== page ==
The Ecphorizer

 The Price Equation J. B. O'Donnell

Issue #46 (June 1985)

It is not a new thought that the value of money is related to the quantity of money. This tautological relationship has been known as long as economists have known the irrefutable law of supply and demand. That is, it is the relative availability of goods and services that determines their prices. Money is a good much like other goods. If there is more money available in [quoteright]the marketplace than the amount of goods and services available for sale then the value of money will fall. Likewise, if there is less money available its value will rise. Why, then, is it not a routine matter to reduce the quantity of money when inflation occurs and increase the quantity when deflation occurs?

The answers to this question are probably as numerous as the people who have attempted to solve this economic riddle. But I suspect they can all be summarized into one general problem. That problem is the lack of scientific evidence showing a direct relationship between prices and the quantity of money. That evidence is now available.

I believe there are two reasons why past efforts have not produced the required evidence. They are:

1. The failure to recognize the independence of various components of money supply; and
2. The failure to include money substitutes (credit) in the correl- ation equations used to demonstrate this relationship.

The method of demonstrating the relationship of money and prices is by use of the equation: where PT  = The current Consumer Price Index (or other measure
of money value);
Mx, T - DT  = A measure of the money supply (labeled M1, M2,
M3, etc.) for some time (T - DT) prior to the measure of CPI;
A and B = Correlation constants.

With this equation it has been demonstrated by many economists that there is apparently a one to three year time lag between a change in the money supply and its effect on prices. Because of this apparent time lag and the uncertainty of the quantity of goods and services that will be available in the future, it has been concluded that the quantity of money needed to control prices cannot be determined. If, however, it can be shown that there is no time lag between changes in money and credit supplies and their effects on prices then the value of money can be controlled by monetary policy in response to changes in a price index. And that is the discovery I call the price equation.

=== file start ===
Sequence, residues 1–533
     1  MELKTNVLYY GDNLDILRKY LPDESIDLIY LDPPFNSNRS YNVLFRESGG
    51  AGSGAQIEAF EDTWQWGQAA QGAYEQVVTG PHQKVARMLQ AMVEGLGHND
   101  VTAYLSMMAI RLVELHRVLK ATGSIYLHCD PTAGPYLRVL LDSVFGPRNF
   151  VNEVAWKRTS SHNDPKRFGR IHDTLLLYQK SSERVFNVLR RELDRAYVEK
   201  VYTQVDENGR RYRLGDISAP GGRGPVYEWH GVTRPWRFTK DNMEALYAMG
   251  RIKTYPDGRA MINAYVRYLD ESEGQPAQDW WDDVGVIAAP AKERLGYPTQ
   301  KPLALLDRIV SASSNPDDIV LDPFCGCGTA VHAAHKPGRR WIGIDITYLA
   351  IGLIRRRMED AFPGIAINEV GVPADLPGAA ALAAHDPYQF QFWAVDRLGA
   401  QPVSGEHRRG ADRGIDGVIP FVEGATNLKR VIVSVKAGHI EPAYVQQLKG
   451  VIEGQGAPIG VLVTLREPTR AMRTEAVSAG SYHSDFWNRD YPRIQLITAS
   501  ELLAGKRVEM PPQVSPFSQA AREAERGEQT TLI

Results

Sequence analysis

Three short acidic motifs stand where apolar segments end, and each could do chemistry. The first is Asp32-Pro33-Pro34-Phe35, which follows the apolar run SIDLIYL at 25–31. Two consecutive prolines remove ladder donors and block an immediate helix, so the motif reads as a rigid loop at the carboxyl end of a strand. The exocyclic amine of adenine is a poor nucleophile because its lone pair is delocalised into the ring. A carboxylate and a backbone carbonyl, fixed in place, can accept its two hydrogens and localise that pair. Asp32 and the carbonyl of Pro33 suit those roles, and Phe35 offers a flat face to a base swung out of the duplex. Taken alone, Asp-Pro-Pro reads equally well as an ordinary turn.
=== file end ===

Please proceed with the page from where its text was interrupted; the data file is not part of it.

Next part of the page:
The price equation is based on monetary and credit data supplied by the Federal Reserve Bank of St Louis in March, 1985. The data covers the 145-month period from December, 1972, through December, 1984, and does not include the seasonal adjustments so often used to improve correlations.

The specific data items used for this version of the price equation are:

N = 1    X = Commercial and industrial loans
N = 2    X = Real-estate loans
N = 3    X = Individual loans
N = 4    X = Other bank loans (Total - (X1 + X2 + X3))
N = 5    X = Bank-held Government securities
N = 6    X = Other bank securities
N = 7    X = Demand deposits
N = 8    X = Other checkable deposits
N = 9    X = Ml - (X7 + X8)

These data items were correlated with the Consumer Price Index without the use of a time lag. The price equation used is: That is, the price equation computes the value of the Consumer Price Index using only the value of the data items for the immediately preceding month and the changes occurring during the month.

The correlation constants used are:

A = 93.720648

N = 1     B = -0.31135555      C = -0.18010571
N = 2     B = 0.39168323      C = 1.1803416
N = 3     B = -0.72960439      C = -0.69523094
N = 4     B = -0.011406676      C = 0.050865631
N = 5     B = -0.24121661      C = 0.016463938
N = 6     B = 0.14891817      C = 0.28337594
N = 7     B = -0.11748317      C = -0.34839097
N = 8     B = -0.046350728      C = -0.29043109
N = 9     B = 0.096110178      C = 0.72907324

The results of this correlation are:

Correlation coefficient (R) = 0.99928886
Standard deviation (S) = 2.4437912
Degrees of freedom (DF) = 125

With this correlation· it is obvious that there is essentially an immediate response of the price level (CPI) to changes in the quantity of money and money substitutes. It is, therefore, just as obvious that the value of money can be controlled by monetary policy. It is not as obvious that the goal of monetary policy should be stable prices. There is a substantial belief that there is a relationship between inflation and employment based on the Phillips Curve.

In my book Confessions of a Socialist-Libertarian I demonstrate the fallacy of the Phillips Curve and the real cause of unemployment. However, here I must limit my analysis to the price equation.

The method of stabilizing the value of money by monetary policy is as follows:

1. The Federal Reserve System should set bank reserve requirements as low as possible consistent with maintaining a constant value of the  CPI.
2. Bank reserve requirements should be increased any time the CPI is above the target value for two or more consecutive months.
3. A  measure of daily price changes should be maintained to guide Federal Reserve System Open Market Operations.
4. The Federal Reserve System should conduct its Open Market Operations so as to maintain a constant value of the CPI using the guidance provided by the pseudo-CPI.